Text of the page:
The founders behind startups that make it to the major leagues were often critical in shaping the vision of their companies, setting the pace for their staff, and steering the ship as it heads toward the promised land.
Typically, founders stay with their company to see it through the long haul. Not so for Bukalapak.
All three of Bukalapak’s co-founders have left their positions within the company, making it the only unicorn in Southeast Asia to lose all of its leaders that have been present since day one.
Achmad Zaky posted a note on LinkedIn in December 2019 to explain his resignation. He said that the company needed a new generation of leadership as its operations matured. Then, on January 6 this year, Zaky handed the reins to Rachmat Kaumuddin, a former banker at PT Bank Bukopin Tbk. Zaky stayed on as an advisor for Bukalapak.
His fellow co-founders departed one after the other. Nugroho Herucahyono left his position as chief technology officer to join Zaky in a new venture—together, they founded Init6, a venture fund that focuses on early-stage startups, in April. The idea, the pair said, was to place themselves in a position where they could breed more Indonesian unicorns. The target they set was to fund at least one company that hits a billion-dollar valuation within the next ten years.
Then, in June, Fajrin Rasjid stepped down as president of Bukalapak to take on the mantle of digital business director in the state-run Telkom Indonesia, the country’s largest telco operator. In an interview with KrASIA, Zaky denied that he was under pressure from shareholders to resign because, after a decade, Bukalapak was still nowhere close to being profitable.
“Startups should not always be profitable from the beginning. Investors love to see fast growth [in terms of GMV]. We could make Bukalapak profitable but the growth would be slowed. We should become profitable, and then there will be a time for the company to plan for an IPO,” Zaky said.
No matter what the reasons were behind the departures of Zaky, Herucahyono, and Rasjid, the fact remains that shareholders and management of tech companies often have different short-term goals, and that friction is a common reason for founders to give up on what they built, said Joshua Agusta, a director at Mandiri Capital Indonesia.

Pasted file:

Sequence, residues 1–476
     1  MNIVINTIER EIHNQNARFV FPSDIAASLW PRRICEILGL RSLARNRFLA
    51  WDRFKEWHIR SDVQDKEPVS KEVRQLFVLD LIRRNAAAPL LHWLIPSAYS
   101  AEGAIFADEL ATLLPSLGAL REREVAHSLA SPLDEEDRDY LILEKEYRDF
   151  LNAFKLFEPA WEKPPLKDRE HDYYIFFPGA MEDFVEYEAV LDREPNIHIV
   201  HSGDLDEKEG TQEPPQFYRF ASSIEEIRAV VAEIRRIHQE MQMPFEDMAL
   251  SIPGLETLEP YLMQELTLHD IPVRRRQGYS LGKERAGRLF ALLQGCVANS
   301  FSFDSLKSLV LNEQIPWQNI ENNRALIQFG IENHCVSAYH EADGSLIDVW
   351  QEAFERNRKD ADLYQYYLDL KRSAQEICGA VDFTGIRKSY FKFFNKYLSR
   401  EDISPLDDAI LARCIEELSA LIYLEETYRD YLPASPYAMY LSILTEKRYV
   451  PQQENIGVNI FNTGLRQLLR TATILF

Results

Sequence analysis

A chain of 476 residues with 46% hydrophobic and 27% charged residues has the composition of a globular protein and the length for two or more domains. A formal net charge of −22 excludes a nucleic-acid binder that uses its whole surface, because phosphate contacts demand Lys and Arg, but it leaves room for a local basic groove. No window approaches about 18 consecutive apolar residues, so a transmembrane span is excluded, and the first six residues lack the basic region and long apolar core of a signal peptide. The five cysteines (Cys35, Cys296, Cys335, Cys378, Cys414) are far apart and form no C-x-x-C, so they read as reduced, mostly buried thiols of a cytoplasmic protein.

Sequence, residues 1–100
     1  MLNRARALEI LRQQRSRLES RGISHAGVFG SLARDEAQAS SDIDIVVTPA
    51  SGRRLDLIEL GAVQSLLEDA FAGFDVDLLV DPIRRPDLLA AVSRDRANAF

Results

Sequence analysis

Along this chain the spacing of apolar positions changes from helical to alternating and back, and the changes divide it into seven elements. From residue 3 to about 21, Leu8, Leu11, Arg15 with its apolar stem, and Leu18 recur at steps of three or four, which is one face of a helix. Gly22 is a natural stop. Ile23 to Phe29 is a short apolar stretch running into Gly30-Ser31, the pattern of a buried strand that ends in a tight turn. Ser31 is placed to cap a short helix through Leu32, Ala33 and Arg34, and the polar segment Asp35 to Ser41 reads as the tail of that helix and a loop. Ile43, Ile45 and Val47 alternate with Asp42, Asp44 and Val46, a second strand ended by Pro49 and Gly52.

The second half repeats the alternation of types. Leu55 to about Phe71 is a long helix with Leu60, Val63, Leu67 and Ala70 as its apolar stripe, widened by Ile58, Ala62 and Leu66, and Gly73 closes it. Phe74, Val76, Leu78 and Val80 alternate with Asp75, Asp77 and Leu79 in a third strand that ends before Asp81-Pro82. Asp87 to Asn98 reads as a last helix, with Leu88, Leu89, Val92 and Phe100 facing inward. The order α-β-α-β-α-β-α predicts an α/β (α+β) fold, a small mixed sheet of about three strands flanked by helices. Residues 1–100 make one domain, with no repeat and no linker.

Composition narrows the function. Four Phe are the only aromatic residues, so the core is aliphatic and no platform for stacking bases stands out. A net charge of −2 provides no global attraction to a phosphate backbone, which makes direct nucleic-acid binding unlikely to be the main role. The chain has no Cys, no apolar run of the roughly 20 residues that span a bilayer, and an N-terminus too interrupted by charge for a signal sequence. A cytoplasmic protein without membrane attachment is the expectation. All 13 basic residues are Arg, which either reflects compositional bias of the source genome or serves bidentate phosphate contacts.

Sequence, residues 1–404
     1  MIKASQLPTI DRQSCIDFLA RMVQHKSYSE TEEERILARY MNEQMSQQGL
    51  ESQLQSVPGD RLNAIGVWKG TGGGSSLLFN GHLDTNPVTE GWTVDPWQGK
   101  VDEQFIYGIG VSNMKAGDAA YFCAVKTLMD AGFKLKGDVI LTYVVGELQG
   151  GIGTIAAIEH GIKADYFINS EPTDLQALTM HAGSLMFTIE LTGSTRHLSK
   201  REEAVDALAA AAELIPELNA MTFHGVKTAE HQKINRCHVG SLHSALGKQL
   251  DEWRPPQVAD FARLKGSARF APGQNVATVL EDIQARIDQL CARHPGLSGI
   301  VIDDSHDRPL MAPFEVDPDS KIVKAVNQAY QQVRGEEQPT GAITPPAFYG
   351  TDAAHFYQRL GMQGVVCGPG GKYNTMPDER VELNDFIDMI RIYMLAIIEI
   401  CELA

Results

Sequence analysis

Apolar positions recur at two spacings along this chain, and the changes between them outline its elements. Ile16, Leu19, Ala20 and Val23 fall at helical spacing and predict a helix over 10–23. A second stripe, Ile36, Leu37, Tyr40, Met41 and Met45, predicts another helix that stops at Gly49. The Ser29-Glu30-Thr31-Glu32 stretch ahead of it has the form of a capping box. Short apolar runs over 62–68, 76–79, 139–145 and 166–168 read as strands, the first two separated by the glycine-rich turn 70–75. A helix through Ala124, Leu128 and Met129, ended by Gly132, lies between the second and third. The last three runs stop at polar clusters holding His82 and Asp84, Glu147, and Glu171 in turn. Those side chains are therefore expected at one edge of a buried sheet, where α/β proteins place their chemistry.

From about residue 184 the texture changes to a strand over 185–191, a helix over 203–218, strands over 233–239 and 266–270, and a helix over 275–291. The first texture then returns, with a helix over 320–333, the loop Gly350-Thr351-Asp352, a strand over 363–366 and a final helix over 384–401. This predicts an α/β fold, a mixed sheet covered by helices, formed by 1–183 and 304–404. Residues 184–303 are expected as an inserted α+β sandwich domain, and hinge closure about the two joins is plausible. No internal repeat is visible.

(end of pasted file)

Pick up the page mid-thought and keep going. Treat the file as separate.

In Bukalapak’s case, a change in leadership—with Kaimuddin at the helm as CEO—might just be the shake-up that’s needed.
“Bukalapak has been professionally run. We have transformed many things years ago, so this year we plan to be a sustainable company. We’re continuing the business strategy, model, and culture that is inherited from the founders,” the CEO said.
Those transformations include the appointment of new C-suite executives, like Teddy Oetomo, who became Bukalapak’s chief strategy officer and then president after building a career at Credit Suisse and Schroders, coming on board to shape the company’s M&A and IPO strategies.
Kaimuddin might be tapping the breaks just a bit to reflect on Bukalapak’s maturation. “As a ten-year-old-company, we can’t be thinking of chasing growth all the time. At Bukalapak, we’ll continue to grow, but we also want to be a sustainable company, standing on our own feet. An IPO is the long-term plan,” Kaimuddin said. However, the ex-banker didn’t share a timeline for Bukalapak’s path to going public.
For now, Bukalapak is optimizing its revenue, channeling profits from ads, premium merchants, and logistics partners. Mitra Bukalapak, which lands its services in kiosks across the nation, is also humming along. All of this builds upon the original co-founders’ vision to run an e-commerce company that, for once, might just be sustainable.